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Diverticulosis-Treatment and Prevention

Aug 17, 2007
Diverticulosis is the formation of numerous tiny pockets, or diverticula, in the lining of the bowel. Diverticula, which can range from pea-size to much larger, are formed by increased pressure on weakened spots of the intestinal walls by gas, waste or liquid. Diverticula can form while straining during a bowel movement, such as with constipation. They are most common in the lower portion of the large intestine.

Diverticulosis is very common and occurs in 10% of people over age 40 and in 50% of people over age 60. Most people will have no or few symptoms from diverticula, but the result can be quite serious.

Complications can occur in about 20% of people with diverticulosis. One of these complications is rectal bleeding, called diverticular bleeding, and another is diverticular infection, called diverticulitis.

Diverticular Bleeding

Diverticular bleeding occurs with chronic injury to the small blood vessels that are next to the diverticula.

Diverticulitis

Diverticulitis occurs when there is inflammation and infection in one or more diverticula. This usually happens when outpouchings become blocked with waste, allowing bacteria to build up, causing infection.

What Are the Symptoms of Diverticulosis?

Usually diverticulosis does not cause any troublesome symptoms. Some people may feel tenderness over the affected area or abdominal cramps.

What Are the Symptoms of Diverticulitis?

Diverticulitis, infection and inflammation of diverticula, can occur suddenly and without warning.

Symptoms may include:

* Alternating diarrhea with constipation.
* Painful cramps or tenderness in the lower abdomen.
* Chills or fever.

How Is Diverticulosis Diagnosed?

Because most people with diverticulosis do not have any symptoms, it is usually found through tests ordered for an unrelated reason.

If you are experiencing the symptoms of diverticulitis, it is important to see your doctor.

Your doctor will ask you questions about your medical history (such as your bowel habits, symptoms, diet and current medications) and perform a physical exam, including a digital rectal exam.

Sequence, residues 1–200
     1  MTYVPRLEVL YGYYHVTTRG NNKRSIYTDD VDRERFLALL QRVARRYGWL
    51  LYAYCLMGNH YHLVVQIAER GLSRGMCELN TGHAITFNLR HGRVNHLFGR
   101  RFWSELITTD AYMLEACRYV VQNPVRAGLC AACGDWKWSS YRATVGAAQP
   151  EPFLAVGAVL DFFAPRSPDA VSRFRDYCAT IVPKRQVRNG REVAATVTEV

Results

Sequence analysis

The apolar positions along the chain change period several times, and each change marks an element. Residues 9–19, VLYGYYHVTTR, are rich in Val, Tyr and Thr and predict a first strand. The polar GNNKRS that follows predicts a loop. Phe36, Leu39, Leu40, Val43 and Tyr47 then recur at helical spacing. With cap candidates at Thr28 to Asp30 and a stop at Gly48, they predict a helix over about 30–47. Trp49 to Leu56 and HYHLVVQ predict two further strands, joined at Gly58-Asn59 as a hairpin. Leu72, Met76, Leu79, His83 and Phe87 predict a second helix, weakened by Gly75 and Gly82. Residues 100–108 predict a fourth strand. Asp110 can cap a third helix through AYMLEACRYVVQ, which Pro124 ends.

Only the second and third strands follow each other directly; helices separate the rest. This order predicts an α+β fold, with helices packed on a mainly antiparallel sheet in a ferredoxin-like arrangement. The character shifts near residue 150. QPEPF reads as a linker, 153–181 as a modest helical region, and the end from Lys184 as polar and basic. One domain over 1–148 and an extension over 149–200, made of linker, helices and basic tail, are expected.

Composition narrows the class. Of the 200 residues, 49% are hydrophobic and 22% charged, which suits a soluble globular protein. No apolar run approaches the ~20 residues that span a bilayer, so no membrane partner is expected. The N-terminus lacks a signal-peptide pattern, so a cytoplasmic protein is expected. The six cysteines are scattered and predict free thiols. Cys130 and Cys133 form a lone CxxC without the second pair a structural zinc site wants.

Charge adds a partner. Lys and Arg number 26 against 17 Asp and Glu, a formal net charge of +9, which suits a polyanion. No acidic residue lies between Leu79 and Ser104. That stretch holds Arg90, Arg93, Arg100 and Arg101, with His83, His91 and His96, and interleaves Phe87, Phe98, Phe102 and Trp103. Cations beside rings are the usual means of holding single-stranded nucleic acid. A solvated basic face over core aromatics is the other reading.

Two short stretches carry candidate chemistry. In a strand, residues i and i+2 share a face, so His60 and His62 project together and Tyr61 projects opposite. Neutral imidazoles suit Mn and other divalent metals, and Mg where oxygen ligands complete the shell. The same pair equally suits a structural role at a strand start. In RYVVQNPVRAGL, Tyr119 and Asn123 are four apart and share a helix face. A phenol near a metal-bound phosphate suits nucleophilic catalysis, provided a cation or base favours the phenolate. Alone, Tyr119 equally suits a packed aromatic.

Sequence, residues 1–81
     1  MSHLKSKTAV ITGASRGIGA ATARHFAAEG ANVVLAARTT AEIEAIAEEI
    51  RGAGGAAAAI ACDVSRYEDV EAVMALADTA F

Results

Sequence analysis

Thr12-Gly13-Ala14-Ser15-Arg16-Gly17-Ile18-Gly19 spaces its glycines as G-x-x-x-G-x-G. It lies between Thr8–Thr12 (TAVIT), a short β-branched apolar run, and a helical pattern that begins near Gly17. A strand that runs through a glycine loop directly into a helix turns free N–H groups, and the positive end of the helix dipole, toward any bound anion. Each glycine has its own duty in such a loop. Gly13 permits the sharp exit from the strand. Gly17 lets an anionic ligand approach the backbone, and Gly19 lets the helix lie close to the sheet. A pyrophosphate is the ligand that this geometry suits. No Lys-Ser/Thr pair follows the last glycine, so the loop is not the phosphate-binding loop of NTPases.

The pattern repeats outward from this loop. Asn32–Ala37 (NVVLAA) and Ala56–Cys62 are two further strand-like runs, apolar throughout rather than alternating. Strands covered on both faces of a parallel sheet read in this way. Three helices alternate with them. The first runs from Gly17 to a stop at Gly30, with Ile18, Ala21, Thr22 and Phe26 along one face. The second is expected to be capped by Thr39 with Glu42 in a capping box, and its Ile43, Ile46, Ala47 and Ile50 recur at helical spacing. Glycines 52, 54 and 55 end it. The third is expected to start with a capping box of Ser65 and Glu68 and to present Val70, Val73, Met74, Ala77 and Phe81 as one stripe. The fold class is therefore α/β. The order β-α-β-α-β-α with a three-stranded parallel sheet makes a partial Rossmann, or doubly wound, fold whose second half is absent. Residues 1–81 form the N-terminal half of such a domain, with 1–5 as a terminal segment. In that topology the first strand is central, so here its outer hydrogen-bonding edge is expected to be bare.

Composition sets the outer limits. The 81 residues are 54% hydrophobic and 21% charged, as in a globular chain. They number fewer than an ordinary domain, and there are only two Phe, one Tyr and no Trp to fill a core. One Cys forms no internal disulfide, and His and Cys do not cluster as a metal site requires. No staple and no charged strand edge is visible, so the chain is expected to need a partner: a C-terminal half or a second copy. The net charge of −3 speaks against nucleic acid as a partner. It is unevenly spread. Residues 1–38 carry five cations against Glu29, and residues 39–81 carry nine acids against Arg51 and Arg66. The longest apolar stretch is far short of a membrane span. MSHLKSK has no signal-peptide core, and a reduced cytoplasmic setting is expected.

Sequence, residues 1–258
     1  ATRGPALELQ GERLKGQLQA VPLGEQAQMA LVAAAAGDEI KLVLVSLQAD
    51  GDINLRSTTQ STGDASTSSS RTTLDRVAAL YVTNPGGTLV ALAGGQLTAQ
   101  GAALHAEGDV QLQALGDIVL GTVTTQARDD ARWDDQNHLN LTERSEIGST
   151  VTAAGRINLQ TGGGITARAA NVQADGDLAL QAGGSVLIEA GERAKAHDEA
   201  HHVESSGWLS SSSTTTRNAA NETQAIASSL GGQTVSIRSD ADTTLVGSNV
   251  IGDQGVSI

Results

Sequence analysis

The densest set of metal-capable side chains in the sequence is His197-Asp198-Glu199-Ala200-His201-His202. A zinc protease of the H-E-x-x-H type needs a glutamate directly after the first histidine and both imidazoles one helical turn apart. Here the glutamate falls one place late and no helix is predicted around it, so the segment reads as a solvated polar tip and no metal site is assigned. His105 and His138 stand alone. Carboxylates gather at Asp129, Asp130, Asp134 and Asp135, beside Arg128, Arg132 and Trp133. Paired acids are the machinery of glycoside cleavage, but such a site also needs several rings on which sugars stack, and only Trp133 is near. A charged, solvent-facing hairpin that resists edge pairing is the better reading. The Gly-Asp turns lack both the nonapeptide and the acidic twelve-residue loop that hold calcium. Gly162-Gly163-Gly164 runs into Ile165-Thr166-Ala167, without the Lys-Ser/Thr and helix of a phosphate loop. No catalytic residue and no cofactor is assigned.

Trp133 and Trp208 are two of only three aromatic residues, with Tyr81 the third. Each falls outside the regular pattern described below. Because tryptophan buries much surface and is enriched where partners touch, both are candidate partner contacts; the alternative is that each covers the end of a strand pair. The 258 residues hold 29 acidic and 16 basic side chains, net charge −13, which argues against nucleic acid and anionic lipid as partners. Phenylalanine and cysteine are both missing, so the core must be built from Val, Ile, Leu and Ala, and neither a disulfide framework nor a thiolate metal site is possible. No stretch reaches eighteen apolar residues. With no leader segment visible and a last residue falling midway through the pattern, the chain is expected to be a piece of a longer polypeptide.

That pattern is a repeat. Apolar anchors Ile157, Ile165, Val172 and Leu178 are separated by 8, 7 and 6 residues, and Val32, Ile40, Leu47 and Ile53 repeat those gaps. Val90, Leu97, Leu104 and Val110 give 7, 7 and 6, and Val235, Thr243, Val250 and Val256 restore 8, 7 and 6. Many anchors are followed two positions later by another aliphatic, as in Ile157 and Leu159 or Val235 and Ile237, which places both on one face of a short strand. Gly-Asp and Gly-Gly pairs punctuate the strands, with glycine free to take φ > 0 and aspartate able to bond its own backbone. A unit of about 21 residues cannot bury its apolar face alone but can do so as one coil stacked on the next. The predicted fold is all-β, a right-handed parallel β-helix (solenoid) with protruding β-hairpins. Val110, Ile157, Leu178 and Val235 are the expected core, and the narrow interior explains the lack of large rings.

One or more diagnostic tests may be ordered to help diagnose your condition. Tests may include X-rays, CT scanning, ultrasound testing, a sigmoidoscopy, colonoscopy, and blood tests to look for signs of infection or the extent of bleeding.

In people with rapid, heavy rectal bleeding, the doctor may perform a procedure called angiography to locate the source of the bleeding.

How Is Diverticulitis Treated?

Diverticulitis sometimes resolves without medical treatment, but it frequently requires antibiotics. Sometimes the infection is so severe that it is necessary to be admitted to a hospital for intravenous antibiotics and other supportive care. Rarely, a surgeon may need to remove the affected part of the bowel.

During the active stage of the infection, many experts recommend eating a low fiber diet and drinking plenty of water. A month or so after the infection resolves you can continue eating fiber.

Emergency treatment including surgery may be needed when the antibiotics do not work, and in cases of a large abscess, perforation, peritonitis or continued rectal bleeding.

What Complications Are Associated With Diverticulitis?

Serious complications can occur as a result of diverticulitis. Most of them are the result of the development of a tear or perforation of the intestinal wall. If this occurs, intestinal waste material can leak out of the intestines and into the surrounding abdominal cavity causing the following problems:

* Peritonitis (a painful infection of the abdominal cavity)
* Abscesses ("walled off" infections in the abdomen)
* Obstruction (blockages of the intestine)

If an abscess is present, the doctor will need to drain the fluid by inserting a needle into the infected area. Sometimes surgery is needed to clean the abscess and remove part of the colon. If the infection spreads into the abdominal cavity (peritonitis), surgery is needed to clean the cavity and remove the damaged part of the colon. Without proper treatment, peritonitis can be fatal.

Infection can lead to scarring of the colon, and the scar tissue may cause a partial or complete blockage. A partial blockage does not require emergency surgery. However, surgery is required with complete blockage.

Another complication of diverticulitis is the formation of a fistula. A fistula is an abnormal connection between two organs, or between an organ and the skin. A common type of fistula is between the bladder and colon. This requires surgery to remove the fistula and affected part of the colon.

How Can Diverticulosis Be Prevented?

To prevent diverticular disease or reduce the complications from it, maintain good bowel habits. Have regular bowel movements and avoid constipation and straining. Eating appropriate amounts of the right types of fiber and drinking plenty of water and exercising regularly will help keep your bowels regulated.

The American Dietetic Association recommends 20 to 35 grams of fiber a day. Every person, regardless of the presence of diverticula, should try to consume this much fiber every day. Fiber is the indigestible part of plant foods. High-fiber foods include whole grain breads, cereals and crackers; berries; fruit; vegetables, such as broccoli, cabbage, spinach, carrots, asparagus, squash and beans; brown rice; bran products; and cooked dried peas and beans, among other foods.

Drinking eight 8-ounce glasses of water a day, monitoring changes in bowel movements (from constipation to diarrhea) and getting enough rest and sleep, are other ways to prevent diverticular disease.
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Pj Germain
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